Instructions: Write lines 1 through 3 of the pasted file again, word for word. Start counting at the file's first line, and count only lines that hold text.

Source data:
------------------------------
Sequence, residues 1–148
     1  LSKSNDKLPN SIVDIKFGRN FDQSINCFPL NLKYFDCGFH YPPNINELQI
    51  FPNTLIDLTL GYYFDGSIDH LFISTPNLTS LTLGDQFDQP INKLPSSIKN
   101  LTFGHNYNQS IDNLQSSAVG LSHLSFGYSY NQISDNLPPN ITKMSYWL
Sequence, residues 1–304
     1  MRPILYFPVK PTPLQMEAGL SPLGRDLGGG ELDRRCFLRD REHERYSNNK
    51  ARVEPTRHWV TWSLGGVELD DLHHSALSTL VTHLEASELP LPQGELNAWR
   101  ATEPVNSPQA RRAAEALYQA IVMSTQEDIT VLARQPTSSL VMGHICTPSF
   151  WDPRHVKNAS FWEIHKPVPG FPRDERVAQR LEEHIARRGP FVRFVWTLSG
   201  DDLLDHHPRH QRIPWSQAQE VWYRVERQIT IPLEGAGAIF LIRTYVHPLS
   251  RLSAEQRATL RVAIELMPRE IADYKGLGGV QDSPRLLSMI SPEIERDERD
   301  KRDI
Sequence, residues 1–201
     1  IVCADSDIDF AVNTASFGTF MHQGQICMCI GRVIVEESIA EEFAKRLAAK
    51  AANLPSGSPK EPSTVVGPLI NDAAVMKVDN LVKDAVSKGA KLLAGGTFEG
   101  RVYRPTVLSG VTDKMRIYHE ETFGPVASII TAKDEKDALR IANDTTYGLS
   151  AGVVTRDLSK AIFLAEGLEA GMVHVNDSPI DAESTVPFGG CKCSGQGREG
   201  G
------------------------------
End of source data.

Sequence, residues 1–148
     1  LSKSNDKLPN SIVDIKFGRN FDQSINCFPL NLKYFDCGFH YPPNINELQI
    51  FPNTLIDLTL GYYFDGSIDH LFISTPNLTS LTLGDQFDQP INKLPSSIKN